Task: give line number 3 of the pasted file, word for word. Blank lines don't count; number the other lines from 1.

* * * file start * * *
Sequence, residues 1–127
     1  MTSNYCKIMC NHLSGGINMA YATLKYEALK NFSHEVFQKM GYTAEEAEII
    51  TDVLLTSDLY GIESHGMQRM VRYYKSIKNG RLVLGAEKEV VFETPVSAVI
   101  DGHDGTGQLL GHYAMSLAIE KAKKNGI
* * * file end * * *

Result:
    51  TDVLLTSDLY GIESHGMQRM VRYYKSIKNG RLVLGAEKEV VFETPVSAVI